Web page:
private company based in Los Angeles, California, owned by Beverly Hills “power couple” Stewart
and Lynda Resnick.38 The Resnicks, whose collective net worth totaled around US$ 2 billion, had
already built and acquired a series of companies since the 1970s, including Teleflora (the largest
flower-delivery service in the world), POM Wonderful (marketer of popular pomegranate-based
beverages), Paramount Farms (the world’s largest grower and processor of pistachios and almonds),
and SpringFresh (bottled water sourced in New Zealand).39
4
This document is authorized for use only by Fahad Alsarhan in MGMT 566 Case Package-SP 2018 taught by Wencang Zhou, Montclair State University from February 2018 to August 2018.
For the exclusive use of F. Alsarhan, 2018.
Fiji versus FIJI: Negotiating Over Water
912-030
Operations and Distribution
FIJI Water’s water source was a 17-mile-wide, 400-foot-deep aquifer, which was located below a
volcano and tropical forest on the main Fijian island of Viti Levu, and into which rainfall had been
filtered over centuries. The company boasted that the aquifer’s depth (hundreds of feet underground)
and remote location isolated its water from pollutants like acid rain, herbicides, and pesticides. It also
claimed these factors made its water so pure, healthy, and rich in taste that the water did not require
filtration or chemical treatment before being bottled. FIJI Water’s two-building, 110,000-square-foot
facility produced 50,000 bottles per hour, 24 hours a day, five days a week.40 The company employed
about 400 workers in Fiji and another 100 employees in 10 other countries.41 Workers in the Fijian
plant earned some of the highest salaries in the country; in 2002, FIJI Water plant workers reportedly
earned F$ 3.35c per hour, while counterparts in other plants generally made between F$ 2 and F$ 3
per hour.
FIJI Water was distributed in 40 countries, including the United States, Canada, Australia, Brazil,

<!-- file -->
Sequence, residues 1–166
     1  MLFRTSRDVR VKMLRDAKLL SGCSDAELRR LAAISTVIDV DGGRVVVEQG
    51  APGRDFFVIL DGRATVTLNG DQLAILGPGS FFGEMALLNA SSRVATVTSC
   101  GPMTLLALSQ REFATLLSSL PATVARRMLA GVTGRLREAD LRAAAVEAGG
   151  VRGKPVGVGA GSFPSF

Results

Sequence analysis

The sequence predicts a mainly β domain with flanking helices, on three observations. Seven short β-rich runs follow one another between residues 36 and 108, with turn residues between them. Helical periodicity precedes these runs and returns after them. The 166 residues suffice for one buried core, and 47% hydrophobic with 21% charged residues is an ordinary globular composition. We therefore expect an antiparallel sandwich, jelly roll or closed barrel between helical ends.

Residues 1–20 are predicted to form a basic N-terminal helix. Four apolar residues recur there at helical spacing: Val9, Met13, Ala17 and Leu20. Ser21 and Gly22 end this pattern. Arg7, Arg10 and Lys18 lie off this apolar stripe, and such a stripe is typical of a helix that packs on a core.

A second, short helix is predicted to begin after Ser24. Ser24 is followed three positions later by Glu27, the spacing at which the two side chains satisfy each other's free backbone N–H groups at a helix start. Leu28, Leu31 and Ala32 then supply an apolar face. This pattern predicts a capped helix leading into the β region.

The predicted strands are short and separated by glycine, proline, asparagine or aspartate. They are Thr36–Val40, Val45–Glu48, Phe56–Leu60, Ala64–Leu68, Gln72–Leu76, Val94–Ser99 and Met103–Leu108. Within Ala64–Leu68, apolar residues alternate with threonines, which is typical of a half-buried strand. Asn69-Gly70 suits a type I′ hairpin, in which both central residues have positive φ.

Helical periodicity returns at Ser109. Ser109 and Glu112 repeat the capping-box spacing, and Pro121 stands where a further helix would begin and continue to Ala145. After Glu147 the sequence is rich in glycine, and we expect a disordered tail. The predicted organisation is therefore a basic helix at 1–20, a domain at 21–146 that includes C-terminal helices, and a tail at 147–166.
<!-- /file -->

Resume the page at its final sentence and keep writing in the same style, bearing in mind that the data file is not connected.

China, Hong Kong, Japan, Korea, Russia, Singapore, South Africa, Taiwan, and the United Kingdom.
FIJI Water bottles were sold in four sizes—330 milliliters (ml) (11.2 oz.), 500 ml (16.9 oz.), 1 liter (33.8
oz.), and 1.5 liters (50.7 oz.)—and were distributed through grocery stores, hotels, restaurants, and
gourmet shops, and via home delivery. FIJI Water products sold at a higher price than most of its
competitors. For example, the retail price of FIJI Water in Boston was 129% more than Dasani, 67%
more than Poland Spring, 28% more than Perrier, and 7.5% more than Evian. d
Exclusive Image
FIJI Water was positioned at the intersection of “pop-culture glamour” and progressive politics. 42
To brand FIJI Water as an “affordable luxury,” the Resnicks leveraged and built connections among
the elite in business and Hollywood. For example, they established relationships with chefs of
leading restaurants such as Nobu Matsuhisa, the celebrity chef and restaurateur behind the famous
sushi-based Nobu Restaurants, who advocated dipping lobster sashimi in FIJI Water. The Resnicks
also built relationships with owners of resorts and spas, where bottles were served in signature silver
and gold sleeves.
Such business relationships were often based on personal connections; as Lynda Resnick once
remarked, “I know everyone in the world, every mogul, every movie star.” 43 Celebrities like Whoopi
Goldberg, Vin Diesel, and Jessica Simpson were reported to love FIJI Water. The company also hired
a Hollywood marketing consulting firm to help place its bottles in leading movies and television
shows (including The Sopranos, 24, The View, Brother and Sisters, and Desperate Housewives) and at highprofile events (including the Emmy Awards). FIJI Water also hosted golf tournaments and sailing
regattas, and was featured at music fests and rock concert tours. Thousands of FIJI Water bottles were
handed out at the 2008 Democratic National Convention.
These connections and appearances helped create a sense of exclusivity around FIJI Water, despite
the fact that the water bottles were available for purchase in supermarkets and convenience stores.
According to Martin Roll, a brand consultant, FIJI Water demonstrated that “competent branding can
elevate even the simplest commodity to celebrity status.”44
c The equivalent of F$ 4.22 or US$ 2.35 in 2012.
d Calculations based on prices obtained at Star Market grocery store in Boston, Massachusetts, on June 6, 2011.
5
This document is authorized for use only by Fahad Alsarhan in MGMT 566 Case Package-SP 2018 taught by Wencang Zhou, Montclair State University from February 2018 to August 2018.
For the exclusive use of F. Alsarhan, 2018.
912-030
Fiji versus FIJI: Negotiating Over Water
Environmental Initiatives
Bottled water became controversial during the early 2000s, particularly in 2007 when numerous
environmental groups, including the Rainforest Action Network and Corporate Accountability
International, attacked the industry for selling single-use products they deemed wasteful and
environmentally harmful. FIJI Water was especially vulnerable to growing criticism that globalization
was leading to fo …